H0lyGh0st gang poses as Robin Hood from North Korea

A ransomware gang from North Korea deploys ransomware to "close the gap between the rich and poor."

The gang, which calls itself H0lyGh0st, utilizes a ransomware payload with the same name for its campaigns. According to the Microsoft Threat Intelligence Center (MSTIC), which tracks this threat actor as DEV-0530, the gang has successfully compromised small businesses in multiple countries as early as September 2021.

The group uses an .onion site to interact with its victims. H0lyGh0st encrypts all files on the victims' machine, sends its targets a data sample as proof, and demands a ransom in Bitcoin in exchange for decrypting the files. To pressure its victims, H0lyGh0st threatens to publish data on social media or send it to the victims' customers.

H0lyGh0st is a financially motivated actor. However, it attempts to legitimize its actions by claiming to increase the victims' security awareness and stealing for good.

"In MSTIC's investigations of their early campaigns, analysts observed that the group's ransom note included a link to the .onion site [...], where the attackers claim to "close the gap between the rich and poor," MSTIC wrote.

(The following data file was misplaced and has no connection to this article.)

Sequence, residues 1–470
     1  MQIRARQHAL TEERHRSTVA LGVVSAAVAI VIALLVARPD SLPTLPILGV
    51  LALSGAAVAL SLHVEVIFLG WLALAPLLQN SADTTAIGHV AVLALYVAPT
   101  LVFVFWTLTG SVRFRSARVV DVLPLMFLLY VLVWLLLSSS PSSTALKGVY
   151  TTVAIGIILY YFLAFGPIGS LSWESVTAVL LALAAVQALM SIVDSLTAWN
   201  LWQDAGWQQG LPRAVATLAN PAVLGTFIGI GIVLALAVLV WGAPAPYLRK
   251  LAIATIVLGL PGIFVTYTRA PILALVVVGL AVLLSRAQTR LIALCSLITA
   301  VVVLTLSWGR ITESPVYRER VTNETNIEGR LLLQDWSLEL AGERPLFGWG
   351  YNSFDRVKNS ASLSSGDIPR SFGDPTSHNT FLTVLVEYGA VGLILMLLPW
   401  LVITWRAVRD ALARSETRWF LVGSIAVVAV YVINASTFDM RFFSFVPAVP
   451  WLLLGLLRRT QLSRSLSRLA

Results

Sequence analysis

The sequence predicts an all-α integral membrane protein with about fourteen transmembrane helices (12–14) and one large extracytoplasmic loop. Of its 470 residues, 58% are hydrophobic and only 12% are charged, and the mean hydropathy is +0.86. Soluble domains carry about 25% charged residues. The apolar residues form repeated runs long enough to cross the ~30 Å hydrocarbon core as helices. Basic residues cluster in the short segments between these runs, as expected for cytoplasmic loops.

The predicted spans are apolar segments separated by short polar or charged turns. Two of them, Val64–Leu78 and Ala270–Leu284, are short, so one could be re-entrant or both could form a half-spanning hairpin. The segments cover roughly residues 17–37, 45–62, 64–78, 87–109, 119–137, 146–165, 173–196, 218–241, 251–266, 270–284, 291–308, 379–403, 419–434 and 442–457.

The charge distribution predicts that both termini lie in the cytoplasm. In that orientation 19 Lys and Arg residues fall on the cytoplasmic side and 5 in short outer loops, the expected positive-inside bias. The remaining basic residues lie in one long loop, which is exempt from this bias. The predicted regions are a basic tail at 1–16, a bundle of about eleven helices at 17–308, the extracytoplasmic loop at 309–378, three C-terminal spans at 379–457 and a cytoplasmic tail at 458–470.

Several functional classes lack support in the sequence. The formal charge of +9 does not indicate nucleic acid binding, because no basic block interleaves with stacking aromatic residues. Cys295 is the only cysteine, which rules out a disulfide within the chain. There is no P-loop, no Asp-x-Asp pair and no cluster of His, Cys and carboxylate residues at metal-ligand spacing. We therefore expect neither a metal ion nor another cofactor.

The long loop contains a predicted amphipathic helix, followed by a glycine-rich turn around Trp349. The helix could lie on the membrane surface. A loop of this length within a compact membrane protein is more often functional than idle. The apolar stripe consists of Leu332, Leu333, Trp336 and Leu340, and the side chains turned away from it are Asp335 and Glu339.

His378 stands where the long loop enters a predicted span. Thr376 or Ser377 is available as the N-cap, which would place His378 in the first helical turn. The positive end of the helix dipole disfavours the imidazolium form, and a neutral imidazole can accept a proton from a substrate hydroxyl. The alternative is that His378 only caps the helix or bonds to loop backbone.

HolyGhost gang

Microsoft also assessed that this threat actor might be linked to Plutonio, a North Korean threat actor group affiliated with clusters of activity known as DarkSeoul and Andariel.

It is possible that the North Korean government sponsors or even orders ransomware attacks to offset the losses from the economic setbacks. However, Microsoft noted that it is equally likely that the North Korean government is not enabling or supporting these ransomware attacks.

"Individuals with ties to Plutonium infrastructure and tools could be moonlighting for personal gain. This moonlighting theory might explain the often-random selection of victims targeted by DEV-0530," the company said.

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